<moneromooo> Could there be a way to deterministically generate keypairs in such a way that the sender generates the secret keys from a seed, the recipients generate the pubkeys ? I think Bitcoin has such a scheme for generating addresses.
<moneromooo> And hopefully the seed is <= 32 bytes :)
<sarang> Well, a big selling point of subaddresses is the efficient scanning across all addresses at once
<sarang> Isthmus: only need to read up a few lines
<moneromooo> Would such a scheme invalidate the efficient scanning ? It seems doubtful since the tx keys are currently arbitrary.
<sgp_> How much effort is it to scan and see what proportion of transactions are only to standard addresses?
<sarang> sgp_: to get a distribution of how common subaddresses are?
<Isthmus> @sgp_ I think that @n3ptune accidentally did that recently
<Isthmus> Lemme see if the plots are on GitHub anywhere
<sgp_> sarang: essentially yes
<sarang> Presumably this would be affected by which large players (like exchanges) support them
<sgp_> Thanks Isthmus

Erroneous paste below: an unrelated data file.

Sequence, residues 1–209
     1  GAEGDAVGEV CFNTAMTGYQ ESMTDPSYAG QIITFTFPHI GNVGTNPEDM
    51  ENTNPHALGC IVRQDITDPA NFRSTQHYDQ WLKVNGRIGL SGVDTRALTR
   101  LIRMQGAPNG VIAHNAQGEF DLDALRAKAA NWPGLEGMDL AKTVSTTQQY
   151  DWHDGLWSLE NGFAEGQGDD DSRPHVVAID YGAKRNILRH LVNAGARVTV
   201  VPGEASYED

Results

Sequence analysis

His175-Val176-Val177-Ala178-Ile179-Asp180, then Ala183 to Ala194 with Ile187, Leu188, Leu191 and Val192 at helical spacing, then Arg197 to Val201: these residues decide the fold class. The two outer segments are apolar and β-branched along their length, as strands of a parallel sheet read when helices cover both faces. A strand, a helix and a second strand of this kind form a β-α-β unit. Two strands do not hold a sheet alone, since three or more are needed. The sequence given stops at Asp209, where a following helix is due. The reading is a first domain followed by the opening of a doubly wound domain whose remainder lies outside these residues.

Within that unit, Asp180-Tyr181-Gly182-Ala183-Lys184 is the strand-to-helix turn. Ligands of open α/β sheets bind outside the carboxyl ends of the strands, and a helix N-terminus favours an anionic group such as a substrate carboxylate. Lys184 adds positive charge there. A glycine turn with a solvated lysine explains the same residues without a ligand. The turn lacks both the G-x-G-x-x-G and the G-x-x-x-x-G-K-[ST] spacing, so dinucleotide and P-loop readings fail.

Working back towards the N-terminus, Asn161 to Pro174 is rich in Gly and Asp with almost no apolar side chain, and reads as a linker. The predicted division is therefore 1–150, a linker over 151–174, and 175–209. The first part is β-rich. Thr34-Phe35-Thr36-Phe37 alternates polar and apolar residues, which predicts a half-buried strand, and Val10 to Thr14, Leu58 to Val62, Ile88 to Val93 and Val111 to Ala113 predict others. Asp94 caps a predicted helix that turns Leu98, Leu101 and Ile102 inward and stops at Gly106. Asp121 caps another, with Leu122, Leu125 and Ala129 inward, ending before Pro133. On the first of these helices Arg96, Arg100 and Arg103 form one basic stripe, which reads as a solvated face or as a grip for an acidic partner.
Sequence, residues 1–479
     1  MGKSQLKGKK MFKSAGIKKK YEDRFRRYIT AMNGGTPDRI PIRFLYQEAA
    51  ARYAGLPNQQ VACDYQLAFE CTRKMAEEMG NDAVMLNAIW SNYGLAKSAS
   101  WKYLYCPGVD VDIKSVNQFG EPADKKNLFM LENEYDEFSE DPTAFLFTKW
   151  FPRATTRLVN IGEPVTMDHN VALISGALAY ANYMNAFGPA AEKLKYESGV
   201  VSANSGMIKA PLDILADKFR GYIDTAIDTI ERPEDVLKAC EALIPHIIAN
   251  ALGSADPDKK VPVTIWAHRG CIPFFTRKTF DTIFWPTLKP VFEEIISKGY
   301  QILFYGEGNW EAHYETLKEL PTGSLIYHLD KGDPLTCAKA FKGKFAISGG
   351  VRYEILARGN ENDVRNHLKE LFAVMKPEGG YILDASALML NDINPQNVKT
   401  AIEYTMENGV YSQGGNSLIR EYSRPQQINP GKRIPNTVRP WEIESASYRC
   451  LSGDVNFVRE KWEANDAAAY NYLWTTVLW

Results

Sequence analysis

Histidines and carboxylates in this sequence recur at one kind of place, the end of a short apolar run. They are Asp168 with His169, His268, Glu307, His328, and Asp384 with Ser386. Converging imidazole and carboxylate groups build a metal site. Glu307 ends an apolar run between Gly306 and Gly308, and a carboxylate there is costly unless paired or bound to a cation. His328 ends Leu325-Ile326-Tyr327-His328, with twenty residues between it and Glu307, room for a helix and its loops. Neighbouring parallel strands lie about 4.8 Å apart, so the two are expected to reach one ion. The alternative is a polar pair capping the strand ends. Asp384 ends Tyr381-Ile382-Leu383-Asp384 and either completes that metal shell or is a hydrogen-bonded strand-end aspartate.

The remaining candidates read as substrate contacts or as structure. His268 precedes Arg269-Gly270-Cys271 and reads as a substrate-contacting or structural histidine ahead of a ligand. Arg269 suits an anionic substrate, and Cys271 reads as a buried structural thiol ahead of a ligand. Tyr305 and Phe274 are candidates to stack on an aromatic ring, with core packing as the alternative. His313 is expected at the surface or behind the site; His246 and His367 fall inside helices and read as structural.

<Isthmus> Oh, private repo. Lemme grab the juicy parts
<Isthmus> This might be the relevant one
<Isthmus> I suspect the diagonal is transactions that include a subaddress, while the horizontal bands are primary-only
<Isthmus> Though I'm open to alternate interpretations
<moneromooo> Oh I get it. The fast lookup would still exist, but verifiers would have to generate pubkeys, and *that* might be slow.
<Isthmus> If that is the case, then I can slide a window over time and calculate fraction of transactions that appear to include no subaddresses
<sgp_> I'm not the one who can say yes or no to that :/
<sarang> Probably worth bringing up at the next dev meeting to see what others think of it
<moneromooo> It is trivial to know whether >= 1 subaddress was used as an output in a tx.